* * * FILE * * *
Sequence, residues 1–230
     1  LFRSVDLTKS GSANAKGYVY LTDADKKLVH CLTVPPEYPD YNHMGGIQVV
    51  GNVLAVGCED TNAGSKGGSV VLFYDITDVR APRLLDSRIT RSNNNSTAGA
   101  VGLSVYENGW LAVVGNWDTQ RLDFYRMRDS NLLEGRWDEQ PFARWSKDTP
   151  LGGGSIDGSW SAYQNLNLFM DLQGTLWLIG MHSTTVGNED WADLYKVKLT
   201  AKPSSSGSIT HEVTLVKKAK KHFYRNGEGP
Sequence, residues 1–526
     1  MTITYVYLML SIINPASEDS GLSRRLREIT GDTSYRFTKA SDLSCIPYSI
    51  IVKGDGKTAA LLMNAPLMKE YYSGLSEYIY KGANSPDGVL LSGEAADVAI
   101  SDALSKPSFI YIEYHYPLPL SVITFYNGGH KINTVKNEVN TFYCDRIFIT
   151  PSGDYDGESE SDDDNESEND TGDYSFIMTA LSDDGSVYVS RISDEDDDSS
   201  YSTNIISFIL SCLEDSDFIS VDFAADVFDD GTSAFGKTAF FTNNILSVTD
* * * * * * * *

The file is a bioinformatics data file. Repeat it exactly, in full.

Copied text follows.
Sequence, residues 1–230
     1  LFRSVDLTKS GSANAKGYVY LTDADKKLVH CLTVPPEYPD YNHMGGIQVV
    51  GNVLAVGCED TNAGSKGGSV VLFYDITDVR APRLLDSRIT RSNNNSTAGA
   101  VGLSVYENGW LAVVGNWDTQ RLDFYRMRDS NLLEGRWDEQ PFARWSKDTP
   151  LGGGSIDGSW SAYQNLNLFM DLQGTLWLIG MHSTTVGNED WADLYKVKLT
   201  AKPSSSGSIT HEVTLVKKAK KHFYRNGEGP
Sequence, residues 1–526
     1  MTITYVYLML SIINPASEDS GLSRRLREIT GDTSYRFTKA SDLSCIPYSI
    51  IVKGDGKTAA LLMNAPLMKE YYSGLSEYIY KGANSPDGVL LSGEAADVAI
   101  SDALSKPSFI YIEYHYPLPL SVITFYNGGH KINTVKNEVN TFYCDRIFIT
   151  PSGDYDGESE SDDDNESEND TGDYSFIMTA LSDDGSVYVS RISDEDDDSS
   201  YSTNIISFIL SCLEDSDFIS VDFAADVFDD GTSAFGKTAF FTNNILSVTD